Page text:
Deterrence in the Twenty-first Century

Deterrence in the twenty-first century - Air University Press


evidence points to the contrary in each case. In 2006, British

prime minister Tony Blair made this point against those questioning

his decision to modernize Britain’s nuclear capabilities:

Those who question this decision need to explain why [nuclear] disarmament

by the UK would help our security. They would need to prove that

such a gesture would change the minds of hardliners and extremists in

countries which are developing these nuclear capabilities. They would

need to show that terrorists would be less likely to conspire against us

with hostile governments because we had given up our nuclear weapons.

They would need to argue that the UK would be safer by giving up the

deterrent and that our capacity to act would not be constrained by nuclear

blackmail by others. 61

Blair’s critics and their US counterparts who now advocate

that the United States embrace the “vision” of nuclear disarmament

have not begun to offer a plausible net assessment in response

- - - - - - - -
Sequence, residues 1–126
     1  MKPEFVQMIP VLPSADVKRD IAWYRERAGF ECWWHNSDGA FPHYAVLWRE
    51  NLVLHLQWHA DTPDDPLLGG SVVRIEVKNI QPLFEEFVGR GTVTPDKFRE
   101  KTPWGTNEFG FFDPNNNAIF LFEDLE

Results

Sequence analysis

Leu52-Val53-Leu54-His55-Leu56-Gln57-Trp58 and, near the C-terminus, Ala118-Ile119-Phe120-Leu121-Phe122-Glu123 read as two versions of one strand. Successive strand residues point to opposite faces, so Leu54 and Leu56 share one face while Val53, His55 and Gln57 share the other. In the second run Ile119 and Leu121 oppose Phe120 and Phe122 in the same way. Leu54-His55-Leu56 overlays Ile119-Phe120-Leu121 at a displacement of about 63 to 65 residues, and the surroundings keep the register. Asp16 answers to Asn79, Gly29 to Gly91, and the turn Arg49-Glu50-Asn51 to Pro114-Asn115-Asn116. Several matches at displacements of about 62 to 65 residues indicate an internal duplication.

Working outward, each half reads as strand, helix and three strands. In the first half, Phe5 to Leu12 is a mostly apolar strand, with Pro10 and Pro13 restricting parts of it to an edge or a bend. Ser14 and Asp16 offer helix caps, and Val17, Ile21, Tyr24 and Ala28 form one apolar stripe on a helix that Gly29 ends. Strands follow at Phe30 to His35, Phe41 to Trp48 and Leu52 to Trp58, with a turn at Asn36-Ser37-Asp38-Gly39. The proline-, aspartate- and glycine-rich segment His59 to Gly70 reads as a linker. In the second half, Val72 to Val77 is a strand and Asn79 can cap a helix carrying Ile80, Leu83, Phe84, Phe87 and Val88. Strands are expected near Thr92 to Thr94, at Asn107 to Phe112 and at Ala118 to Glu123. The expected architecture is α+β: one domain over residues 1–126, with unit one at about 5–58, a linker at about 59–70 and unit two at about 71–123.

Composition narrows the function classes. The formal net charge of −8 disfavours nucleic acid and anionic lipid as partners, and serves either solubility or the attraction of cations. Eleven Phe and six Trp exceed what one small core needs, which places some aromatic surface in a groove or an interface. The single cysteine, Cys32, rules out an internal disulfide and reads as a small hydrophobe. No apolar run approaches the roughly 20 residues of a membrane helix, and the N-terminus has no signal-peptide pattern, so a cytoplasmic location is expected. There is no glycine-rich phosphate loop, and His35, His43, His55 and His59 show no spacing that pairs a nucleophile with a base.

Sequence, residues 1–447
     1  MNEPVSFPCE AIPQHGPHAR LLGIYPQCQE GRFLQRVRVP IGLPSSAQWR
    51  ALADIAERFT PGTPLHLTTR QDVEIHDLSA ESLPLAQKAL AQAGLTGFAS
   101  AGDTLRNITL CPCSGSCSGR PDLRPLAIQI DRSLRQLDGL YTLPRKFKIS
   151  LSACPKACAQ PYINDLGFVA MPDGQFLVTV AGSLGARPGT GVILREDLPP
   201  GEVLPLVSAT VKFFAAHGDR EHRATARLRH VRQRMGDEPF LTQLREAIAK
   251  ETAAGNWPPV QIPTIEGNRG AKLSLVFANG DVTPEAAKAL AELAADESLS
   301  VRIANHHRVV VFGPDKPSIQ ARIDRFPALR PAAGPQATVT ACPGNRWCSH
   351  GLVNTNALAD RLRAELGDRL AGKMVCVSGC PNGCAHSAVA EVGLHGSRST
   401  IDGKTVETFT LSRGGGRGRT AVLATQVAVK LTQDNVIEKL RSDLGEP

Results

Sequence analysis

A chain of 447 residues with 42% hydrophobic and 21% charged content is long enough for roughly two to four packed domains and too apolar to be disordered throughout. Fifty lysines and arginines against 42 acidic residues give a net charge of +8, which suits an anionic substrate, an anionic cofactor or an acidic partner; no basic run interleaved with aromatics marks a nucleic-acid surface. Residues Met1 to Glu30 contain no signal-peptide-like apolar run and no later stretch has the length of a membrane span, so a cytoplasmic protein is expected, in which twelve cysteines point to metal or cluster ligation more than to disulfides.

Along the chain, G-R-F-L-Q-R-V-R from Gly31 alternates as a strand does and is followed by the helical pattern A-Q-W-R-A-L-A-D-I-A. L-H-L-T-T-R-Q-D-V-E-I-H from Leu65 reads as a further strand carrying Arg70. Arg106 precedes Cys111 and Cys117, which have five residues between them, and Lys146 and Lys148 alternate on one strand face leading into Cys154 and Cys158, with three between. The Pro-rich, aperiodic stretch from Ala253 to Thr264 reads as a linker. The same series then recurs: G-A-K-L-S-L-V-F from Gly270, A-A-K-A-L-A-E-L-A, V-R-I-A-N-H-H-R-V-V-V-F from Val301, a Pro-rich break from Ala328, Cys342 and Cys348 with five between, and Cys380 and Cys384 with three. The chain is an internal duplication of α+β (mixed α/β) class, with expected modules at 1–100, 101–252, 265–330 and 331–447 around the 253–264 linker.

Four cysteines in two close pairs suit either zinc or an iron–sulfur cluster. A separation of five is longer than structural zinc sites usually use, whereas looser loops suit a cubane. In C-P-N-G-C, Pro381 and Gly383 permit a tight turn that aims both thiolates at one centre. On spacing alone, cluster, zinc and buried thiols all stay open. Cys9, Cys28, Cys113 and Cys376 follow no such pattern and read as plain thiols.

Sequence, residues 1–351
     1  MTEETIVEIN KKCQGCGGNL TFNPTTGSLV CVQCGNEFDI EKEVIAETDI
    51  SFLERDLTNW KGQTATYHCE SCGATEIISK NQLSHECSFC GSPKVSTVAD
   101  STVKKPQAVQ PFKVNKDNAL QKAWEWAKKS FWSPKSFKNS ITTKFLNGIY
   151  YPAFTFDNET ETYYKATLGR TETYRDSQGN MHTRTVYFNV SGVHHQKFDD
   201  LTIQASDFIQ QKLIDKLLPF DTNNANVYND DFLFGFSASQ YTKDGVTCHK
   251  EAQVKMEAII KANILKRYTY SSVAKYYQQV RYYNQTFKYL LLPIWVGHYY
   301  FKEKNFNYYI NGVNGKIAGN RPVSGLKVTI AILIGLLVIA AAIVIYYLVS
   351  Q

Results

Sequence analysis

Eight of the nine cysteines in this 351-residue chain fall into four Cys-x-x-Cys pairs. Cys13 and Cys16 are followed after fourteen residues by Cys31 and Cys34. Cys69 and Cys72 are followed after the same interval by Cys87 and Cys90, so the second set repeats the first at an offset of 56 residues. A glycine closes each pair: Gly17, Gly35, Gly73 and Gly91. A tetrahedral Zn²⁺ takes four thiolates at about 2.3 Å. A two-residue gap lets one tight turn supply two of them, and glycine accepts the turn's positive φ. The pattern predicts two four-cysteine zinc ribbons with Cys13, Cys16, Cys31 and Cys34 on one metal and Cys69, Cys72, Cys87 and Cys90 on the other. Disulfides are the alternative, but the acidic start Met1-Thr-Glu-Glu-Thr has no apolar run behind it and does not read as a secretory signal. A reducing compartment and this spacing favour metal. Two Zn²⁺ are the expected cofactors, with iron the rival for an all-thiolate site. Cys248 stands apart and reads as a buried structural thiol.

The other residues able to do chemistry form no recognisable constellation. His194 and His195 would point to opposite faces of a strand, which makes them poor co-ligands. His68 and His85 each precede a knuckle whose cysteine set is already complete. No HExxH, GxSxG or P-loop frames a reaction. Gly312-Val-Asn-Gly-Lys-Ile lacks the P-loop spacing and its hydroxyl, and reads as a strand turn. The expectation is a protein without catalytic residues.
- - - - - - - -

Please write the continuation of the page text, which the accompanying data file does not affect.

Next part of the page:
to this challenge. Instead, they appear satisfied to assert

the old action-reaction/inaction-inaction balance-of-terror

adage, along with the equally dubious claim—also derived from

the old formula—that deterrence now can be orchestrated to

work reliably with nonnuclear forces alone. Both assertions can

be described as reflecting hope over considerable evidence.

There are conditions that should be considered critical milestones

for any significant US steps toward nuclear disarmament.

The realization of some of those conditions would represent a

more dramatic restructuring of international relations than has

occurred since the 1648 Peace of Westphalia. This should not

preclude creative thinking about prudent steps toward greatly

reduced reliance on nuclear weapons, but it certainly should

make us wary of embracing the vision of nuclear disarmament

as a practicable goal in the absence of such dramatic change.

For example, one of the reasons nuclear deterrence has been

valuable is that it appears to have disciplined the behavior of

some states that otherwise could not be trusted to behave peaceably.

Not all states are trustworthy, and it is those untrustworthy

states with hostile designs that often pose security challenges;

they are called “rogues” for a reason. In the past, such untrustworthy

governments included Hitler’s Germany and Stalin’s Soviet

Union; now they include the governments of Iran, North Korea,

and Syria. These particular rogue leaderships may come

and go, but in the future, there will be comparably untrustworthy

leaderships with hostile intent. This is pertinent because there


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